Certain portions of James Earle's book, "Engineering Design Graphics, 7th edition" are used to supplement the graphical communications material which appears in Dixon and Poli. In particular those chapters dealing with multiview sketching and drawing (Chapters. 14 and 15), auxiliary views (Chapter 16), sectional views (Chapter 17, and assembly drawings (section 24.12) are used. This book provides self-instruction examples for the student and links to AutoCAD release 11. Once again permission is sought from Addison Wesley, publishers of the book, to reproduce these few chapters in order to keep overall student costs down.

The third book used in this course is the Prentice Hall book, "Discovering AutoCAD," by M. Dix and P. Riley. This book is tutorial in nature and has proved adequate for self-instruction of AutoCAD.

Finally, to assist students in better visualizing and understanding those portions of the course dealing with the tooling aspects of injection molding, die casting and stamping a series of intelligent tutors is currently under development by Dr. Beverly Woolf of the UMass Computer Science Department and the author. The objective of these tutors is to provide interactive, multimedia environments in order to improve student understanding of the complex relationship between part geometry and tool complexity. In specific students, who have never seen an actual tool, are able to create a limited number of parts and then, via animation, see the process in operation as the part is created using alternative forms of tooling.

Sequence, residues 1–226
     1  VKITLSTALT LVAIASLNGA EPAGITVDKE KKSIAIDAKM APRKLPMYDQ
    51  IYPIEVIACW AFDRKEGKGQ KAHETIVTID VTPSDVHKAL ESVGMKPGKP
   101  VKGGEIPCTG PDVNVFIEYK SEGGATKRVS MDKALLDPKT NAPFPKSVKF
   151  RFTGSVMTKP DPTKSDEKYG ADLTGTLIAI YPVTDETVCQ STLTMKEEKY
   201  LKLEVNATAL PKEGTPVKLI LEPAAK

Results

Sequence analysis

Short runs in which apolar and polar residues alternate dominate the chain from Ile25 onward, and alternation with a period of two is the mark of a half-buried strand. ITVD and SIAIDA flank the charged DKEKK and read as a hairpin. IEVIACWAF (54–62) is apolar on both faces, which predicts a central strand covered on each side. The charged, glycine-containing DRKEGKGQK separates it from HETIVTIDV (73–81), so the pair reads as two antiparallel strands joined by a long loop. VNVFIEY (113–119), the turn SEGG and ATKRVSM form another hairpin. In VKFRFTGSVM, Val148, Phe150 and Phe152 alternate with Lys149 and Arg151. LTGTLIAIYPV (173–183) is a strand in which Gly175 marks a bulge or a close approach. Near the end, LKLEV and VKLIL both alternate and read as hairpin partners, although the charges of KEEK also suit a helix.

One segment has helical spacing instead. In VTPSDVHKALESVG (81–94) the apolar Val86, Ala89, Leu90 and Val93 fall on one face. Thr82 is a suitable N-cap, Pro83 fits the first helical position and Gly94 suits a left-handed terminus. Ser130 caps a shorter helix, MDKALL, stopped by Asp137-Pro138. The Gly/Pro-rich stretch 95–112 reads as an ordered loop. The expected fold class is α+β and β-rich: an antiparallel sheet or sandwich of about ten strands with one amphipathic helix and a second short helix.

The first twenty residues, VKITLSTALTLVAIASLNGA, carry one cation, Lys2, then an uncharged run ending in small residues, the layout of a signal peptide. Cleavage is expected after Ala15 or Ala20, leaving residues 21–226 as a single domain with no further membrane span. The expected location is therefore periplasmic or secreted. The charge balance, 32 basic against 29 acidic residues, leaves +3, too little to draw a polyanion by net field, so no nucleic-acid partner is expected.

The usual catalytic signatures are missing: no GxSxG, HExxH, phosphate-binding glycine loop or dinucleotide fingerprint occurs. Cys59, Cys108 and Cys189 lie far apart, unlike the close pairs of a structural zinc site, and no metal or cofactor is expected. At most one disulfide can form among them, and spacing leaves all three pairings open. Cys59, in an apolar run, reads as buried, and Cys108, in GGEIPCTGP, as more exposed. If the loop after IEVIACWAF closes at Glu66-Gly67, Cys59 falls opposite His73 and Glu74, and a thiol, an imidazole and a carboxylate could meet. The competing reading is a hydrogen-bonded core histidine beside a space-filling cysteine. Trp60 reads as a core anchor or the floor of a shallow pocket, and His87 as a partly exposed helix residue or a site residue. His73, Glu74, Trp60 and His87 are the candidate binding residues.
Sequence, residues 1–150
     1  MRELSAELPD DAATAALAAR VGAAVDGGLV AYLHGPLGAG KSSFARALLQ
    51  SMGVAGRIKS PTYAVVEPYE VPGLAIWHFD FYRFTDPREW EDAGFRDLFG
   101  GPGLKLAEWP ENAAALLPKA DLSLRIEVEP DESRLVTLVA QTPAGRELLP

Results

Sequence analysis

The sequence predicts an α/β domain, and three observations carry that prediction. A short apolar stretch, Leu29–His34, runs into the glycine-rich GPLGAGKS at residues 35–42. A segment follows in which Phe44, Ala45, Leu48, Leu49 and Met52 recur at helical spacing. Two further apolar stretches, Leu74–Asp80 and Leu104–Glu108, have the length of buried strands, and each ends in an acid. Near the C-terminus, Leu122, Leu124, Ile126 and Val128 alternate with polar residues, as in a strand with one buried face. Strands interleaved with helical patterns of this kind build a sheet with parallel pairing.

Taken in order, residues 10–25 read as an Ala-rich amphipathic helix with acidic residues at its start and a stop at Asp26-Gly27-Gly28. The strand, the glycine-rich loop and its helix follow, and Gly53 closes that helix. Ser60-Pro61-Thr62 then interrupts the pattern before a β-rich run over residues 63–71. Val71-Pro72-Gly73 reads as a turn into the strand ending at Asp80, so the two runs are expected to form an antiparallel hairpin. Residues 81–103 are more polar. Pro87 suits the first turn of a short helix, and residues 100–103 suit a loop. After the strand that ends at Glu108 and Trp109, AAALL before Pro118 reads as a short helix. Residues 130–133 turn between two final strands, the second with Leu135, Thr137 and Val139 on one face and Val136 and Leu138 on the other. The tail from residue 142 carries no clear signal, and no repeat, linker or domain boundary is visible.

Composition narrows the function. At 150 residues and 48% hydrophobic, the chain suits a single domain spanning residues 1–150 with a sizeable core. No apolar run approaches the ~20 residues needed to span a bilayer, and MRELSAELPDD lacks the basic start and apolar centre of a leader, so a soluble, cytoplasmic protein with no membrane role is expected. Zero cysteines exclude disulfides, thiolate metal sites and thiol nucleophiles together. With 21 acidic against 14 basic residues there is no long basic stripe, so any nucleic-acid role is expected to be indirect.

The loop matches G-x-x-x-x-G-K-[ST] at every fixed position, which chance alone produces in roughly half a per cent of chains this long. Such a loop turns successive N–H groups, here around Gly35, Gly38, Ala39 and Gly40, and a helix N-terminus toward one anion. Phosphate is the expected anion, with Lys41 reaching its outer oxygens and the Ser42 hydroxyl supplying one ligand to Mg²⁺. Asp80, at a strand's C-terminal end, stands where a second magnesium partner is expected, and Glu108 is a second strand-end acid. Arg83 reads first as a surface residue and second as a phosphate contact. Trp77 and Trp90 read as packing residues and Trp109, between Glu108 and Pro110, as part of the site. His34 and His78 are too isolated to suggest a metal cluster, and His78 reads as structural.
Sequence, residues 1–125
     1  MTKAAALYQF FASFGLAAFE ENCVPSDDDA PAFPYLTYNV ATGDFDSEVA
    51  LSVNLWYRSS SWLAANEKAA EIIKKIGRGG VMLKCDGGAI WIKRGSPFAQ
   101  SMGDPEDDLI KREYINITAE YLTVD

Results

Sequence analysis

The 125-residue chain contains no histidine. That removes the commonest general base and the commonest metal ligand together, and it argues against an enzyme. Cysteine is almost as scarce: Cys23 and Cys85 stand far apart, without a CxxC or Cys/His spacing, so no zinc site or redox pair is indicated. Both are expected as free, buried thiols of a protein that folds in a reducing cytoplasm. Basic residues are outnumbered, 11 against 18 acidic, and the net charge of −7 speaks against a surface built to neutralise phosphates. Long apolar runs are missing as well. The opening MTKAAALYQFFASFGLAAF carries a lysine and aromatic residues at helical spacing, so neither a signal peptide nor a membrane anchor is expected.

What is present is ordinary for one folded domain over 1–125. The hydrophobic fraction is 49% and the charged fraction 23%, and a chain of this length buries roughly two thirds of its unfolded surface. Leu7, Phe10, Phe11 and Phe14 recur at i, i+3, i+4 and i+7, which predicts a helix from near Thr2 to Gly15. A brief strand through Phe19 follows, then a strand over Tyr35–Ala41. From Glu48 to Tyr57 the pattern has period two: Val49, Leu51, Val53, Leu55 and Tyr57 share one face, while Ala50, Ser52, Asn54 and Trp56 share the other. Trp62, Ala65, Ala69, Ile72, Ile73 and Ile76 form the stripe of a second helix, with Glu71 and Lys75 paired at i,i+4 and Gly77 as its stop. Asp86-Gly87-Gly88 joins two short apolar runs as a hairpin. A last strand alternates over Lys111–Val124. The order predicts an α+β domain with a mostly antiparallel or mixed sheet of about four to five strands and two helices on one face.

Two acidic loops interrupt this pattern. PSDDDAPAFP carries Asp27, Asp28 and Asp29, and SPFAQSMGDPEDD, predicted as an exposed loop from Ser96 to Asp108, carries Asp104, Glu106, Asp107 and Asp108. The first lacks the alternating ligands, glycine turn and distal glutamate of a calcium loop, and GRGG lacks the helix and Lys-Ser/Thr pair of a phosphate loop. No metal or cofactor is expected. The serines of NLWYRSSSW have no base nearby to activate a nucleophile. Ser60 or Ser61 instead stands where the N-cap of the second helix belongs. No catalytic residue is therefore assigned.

Course Evaluation

To date the course described here has been given twice. Once to a pilot section of 12 honors students in the Spring of 1994, the other time to about 100 freshman in the Fall 1994 semester. In the case of the pilot section, the course was self-selected by the students. In the case of the Fall offering, it was self-selected by about half the students. The remaining 50 percent were randomly selected. While the pilot section was taught by a mechanical engineering faculty member, the Fall 94 sections were taught by three faculty members from mechanical engineering, one from industrial engineering, and one from the electrical and computer engineering department. These faculty members met on a weekly basis to share ideas, learning experiences, and to discuss the following week's lesson plan.

When members of the pilot section of the course were questioned by members of the Dean's Advisory Council, they almost all agreed that the course was primarily about communication skills and only secondarily about manufacturing.

When members of this year's freshman class were asked, at the end of the first semester, whether or not they now had a better understanding of what engineering is, approximately 92% of those in the new course said yes, while only 55% of those in the old freshman course said yes. However, 25% of those in the new course felt that what they really obtained from the course was a better understanding of what mechanical engineering is about and still didn't have a sufficiently good idea of what other engineering fields are about. While there may be some truth to this, the purpose of the second semester course, with its departmental modules, is to give students a better idea of what does go on in other departments outside of mechanical engineering. Many of the students in the old course (about 25%) felt the course was about software and computers, and was not about engineering.